Haskell/Solutions/Foldable

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Deconstructing foldr[edit]

1.

-- We start from:
foldMap g = mconcat . fmap g
foldMap g = foldr mappend mempty . fmap g -- mconcat definition
-- Which can be simplified to:
foldMap f = foldr (mappend . g) mempty
-- Or, more pointfully:
foldMap f xs = foldr (\x z -> f x <> z) mempty xs

-- Alternatively (via the definition of foldr):
foldMap _ []     = mempty
foldMap g (x:xs) = g x <> foldMap g xs

The Foldable class[edit]

1.

A summary of the answers. Subtle issues are explained in the notes just below.

Fold mempty mappend Preliminary
function
newtype from
Data.Monoid
Notes
product 1 (*) Product
concat [] (++)
concatMap f [] (++) f
all p True (&&) p All
elem x False (||) (== x) Any
length 0 (+) const 1 Sum
traverse_ f pure () (*>) void . f See [i]
mapM_ f return () (>>) void . f See [i]
safeMaximum Nothing
max' Nothing  m        = m
max' m        Nothing  = m
max' (Just x) (Just y) = Just (max x y)
See [ii]
find p Nothing leftmost Just
\x -> if p x
  then Just x
  else Nothing
First See [iii]
composeL f id flip (.) flip f Dual . Endo See [iv]

Notes:

[i]: The monoid here is of type Applicative f => f (). The function void (defined as fmap (const ()) in Data.Functor) is needed to convert the inner values of the actions to (), thereby discarding the inner values. This conversion is not needed with an implementation in terms of foldr (as the actual one is); however, for a foldMap that isn't the generic one using Endo, we would need to either discard the results using void (as done above) or create a wrapper which forgets the result type. The latter trick (a rather advanced one, in fact) uses a feature called existential quantification, and might look like this:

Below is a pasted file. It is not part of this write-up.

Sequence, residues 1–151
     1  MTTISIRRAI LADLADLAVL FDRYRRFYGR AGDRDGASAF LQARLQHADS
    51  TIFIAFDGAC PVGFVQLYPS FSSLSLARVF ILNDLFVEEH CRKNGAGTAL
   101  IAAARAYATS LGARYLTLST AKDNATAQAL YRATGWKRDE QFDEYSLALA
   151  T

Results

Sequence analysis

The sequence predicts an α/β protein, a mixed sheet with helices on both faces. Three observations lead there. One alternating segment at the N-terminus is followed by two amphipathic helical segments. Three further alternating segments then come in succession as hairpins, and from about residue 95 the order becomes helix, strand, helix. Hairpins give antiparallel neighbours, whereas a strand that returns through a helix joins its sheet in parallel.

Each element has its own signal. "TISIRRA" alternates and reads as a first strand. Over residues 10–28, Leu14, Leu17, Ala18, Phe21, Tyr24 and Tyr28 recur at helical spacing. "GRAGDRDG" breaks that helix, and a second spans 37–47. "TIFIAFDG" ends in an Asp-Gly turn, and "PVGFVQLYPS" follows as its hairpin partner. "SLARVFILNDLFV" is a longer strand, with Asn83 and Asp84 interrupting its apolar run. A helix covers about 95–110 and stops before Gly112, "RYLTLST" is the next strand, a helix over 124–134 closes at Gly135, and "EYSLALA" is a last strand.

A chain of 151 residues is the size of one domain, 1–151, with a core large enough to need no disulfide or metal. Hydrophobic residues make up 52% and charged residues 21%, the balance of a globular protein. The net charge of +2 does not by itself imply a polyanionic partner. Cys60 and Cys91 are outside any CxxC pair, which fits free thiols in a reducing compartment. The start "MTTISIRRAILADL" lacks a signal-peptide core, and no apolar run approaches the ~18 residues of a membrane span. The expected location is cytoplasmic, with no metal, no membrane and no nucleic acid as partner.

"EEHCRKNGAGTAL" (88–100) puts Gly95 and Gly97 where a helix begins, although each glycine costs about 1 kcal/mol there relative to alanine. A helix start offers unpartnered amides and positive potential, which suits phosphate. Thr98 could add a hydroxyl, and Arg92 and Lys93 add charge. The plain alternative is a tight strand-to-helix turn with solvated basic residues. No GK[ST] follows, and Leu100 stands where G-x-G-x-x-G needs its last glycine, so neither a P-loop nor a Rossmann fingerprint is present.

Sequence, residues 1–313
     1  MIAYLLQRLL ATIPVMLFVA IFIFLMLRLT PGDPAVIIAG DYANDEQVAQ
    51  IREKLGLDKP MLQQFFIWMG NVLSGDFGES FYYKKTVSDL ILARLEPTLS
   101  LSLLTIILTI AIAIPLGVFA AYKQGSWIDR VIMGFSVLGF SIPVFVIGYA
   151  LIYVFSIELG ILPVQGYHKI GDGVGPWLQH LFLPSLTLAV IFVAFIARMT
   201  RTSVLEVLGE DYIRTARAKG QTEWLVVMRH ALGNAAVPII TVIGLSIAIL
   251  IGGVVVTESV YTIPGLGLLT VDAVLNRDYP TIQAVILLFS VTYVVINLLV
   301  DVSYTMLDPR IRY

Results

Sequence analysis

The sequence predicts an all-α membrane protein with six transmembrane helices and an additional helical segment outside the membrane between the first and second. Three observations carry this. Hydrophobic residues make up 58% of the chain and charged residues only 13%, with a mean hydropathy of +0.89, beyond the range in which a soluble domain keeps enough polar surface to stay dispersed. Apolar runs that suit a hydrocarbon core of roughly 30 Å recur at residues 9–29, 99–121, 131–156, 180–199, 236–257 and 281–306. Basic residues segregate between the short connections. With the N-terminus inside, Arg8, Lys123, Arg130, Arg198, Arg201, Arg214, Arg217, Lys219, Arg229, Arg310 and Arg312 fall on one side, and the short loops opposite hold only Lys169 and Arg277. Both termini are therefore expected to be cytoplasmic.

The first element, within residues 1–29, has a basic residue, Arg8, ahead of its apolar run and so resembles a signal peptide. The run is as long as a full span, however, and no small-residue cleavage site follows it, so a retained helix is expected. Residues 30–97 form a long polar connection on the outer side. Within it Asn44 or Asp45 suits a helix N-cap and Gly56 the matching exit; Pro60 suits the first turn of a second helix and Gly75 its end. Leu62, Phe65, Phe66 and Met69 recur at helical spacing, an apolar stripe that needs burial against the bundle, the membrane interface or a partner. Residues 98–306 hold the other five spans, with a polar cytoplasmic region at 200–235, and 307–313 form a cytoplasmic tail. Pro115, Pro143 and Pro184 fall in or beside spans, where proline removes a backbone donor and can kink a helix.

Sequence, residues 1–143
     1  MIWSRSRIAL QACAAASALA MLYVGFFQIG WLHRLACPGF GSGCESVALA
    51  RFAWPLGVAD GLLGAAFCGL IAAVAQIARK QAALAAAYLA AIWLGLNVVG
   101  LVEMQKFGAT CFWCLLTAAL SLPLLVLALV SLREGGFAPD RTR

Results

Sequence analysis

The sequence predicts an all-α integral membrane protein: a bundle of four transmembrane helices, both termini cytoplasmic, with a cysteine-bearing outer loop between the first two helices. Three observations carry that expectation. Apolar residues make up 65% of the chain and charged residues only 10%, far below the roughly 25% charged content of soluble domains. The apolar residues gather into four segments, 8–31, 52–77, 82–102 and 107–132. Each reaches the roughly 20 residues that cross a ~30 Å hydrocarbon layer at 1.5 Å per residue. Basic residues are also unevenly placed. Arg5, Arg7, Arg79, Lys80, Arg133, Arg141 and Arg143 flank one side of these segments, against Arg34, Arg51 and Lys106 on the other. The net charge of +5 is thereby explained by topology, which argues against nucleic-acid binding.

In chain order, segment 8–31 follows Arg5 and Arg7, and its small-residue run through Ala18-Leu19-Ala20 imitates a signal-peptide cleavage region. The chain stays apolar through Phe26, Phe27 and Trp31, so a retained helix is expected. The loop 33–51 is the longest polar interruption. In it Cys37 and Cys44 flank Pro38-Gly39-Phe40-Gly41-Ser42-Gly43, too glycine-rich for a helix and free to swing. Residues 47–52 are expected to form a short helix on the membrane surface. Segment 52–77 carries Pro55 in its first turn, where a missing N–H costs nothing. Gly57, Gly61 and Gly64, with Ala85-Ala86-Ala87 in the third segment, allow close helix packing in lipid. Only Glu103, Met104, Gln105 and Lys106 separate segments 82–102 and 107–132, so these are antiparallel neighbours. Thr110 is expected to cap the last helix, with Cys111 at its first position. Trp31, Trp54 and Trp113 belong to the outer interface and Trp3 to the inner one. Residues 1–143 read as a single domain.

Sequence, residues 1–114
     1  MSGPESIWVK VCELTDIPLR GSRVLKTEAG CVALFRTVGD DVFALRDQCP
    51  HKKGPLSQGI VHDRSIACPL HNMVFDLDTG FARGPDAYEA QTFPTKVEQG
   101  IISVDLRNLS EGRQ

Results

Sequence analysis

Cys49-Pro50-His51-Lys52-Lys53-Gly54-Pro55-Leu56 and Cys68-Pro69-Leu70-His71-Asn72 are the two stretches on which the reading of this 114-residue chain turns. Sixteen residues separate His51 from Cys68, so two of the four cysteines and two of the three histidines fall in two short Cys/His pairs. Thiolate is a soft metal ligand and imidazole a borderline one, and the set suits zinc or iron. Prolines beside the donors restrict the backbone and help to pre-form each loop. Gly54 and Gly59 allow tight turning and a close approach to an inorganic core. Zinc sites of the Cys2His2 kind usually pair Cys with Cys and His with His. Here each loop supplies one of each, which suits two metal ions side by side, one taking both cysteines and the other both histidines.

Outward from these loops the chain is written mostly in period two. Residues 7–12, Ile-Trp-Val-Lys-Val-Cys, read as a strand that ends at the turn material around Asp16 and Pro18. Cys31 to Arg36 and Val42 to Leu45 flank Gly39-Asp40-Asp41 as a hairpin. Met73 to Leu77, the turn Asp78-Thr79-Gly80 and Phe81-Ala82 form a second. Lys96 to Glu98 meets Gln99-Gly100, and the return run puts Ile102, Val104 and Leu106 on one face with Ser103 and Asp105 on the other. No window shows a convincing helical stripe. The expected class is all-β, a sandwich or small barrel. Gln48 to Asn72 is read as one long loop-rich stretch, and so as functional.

{-# LANGUAGE ExistentialQuantification #-} -- First line of the source file.

-- forall a. causes the type to be forgotten.
data NoResults f = forall a. NoResults (f a)   

runNoResults :: Applicative f => NoResults f -> f ()
runNoResults (NoResults u) = const () <$> u

instance Applicative f => Monoid (NoResults f) where
    mempty                            = NoResults (pure ())
    NoResults u `mappend` NoResults v = NoResults (u *> v)

While this is a stylish solution, it creates a host of complications − we can't use newtype nor records, and we still need one fmap (const ()) for extracting the final action. So take this approach merely as a curio.

On a more reasonable note, mapM_ only differs from traverse_ in the type signature, as return = pure and (>>) = (*>). That also mean the observations above apply to it as well.

[ii]: max :: Ord a => a -> a -> a evaluates to the largest of its two arguments, and max' :: Ord a => Maybe a -> Maybe a -> Maybe a is similar but involves Maybe. The usage of Maybe here is just a trick to add an extra value of Nothing to the type a so that max' can become a legal mappend. Nothing, as mempty, is the identity of max', and hence acts as a value that is less than or equal to all values in a (e.g. something like negative infinity for the integers). This monoid may be implemented with the wrapper Max as follows (and in fact something like this is used internally in the default implementation of maximum from Data.Foldable).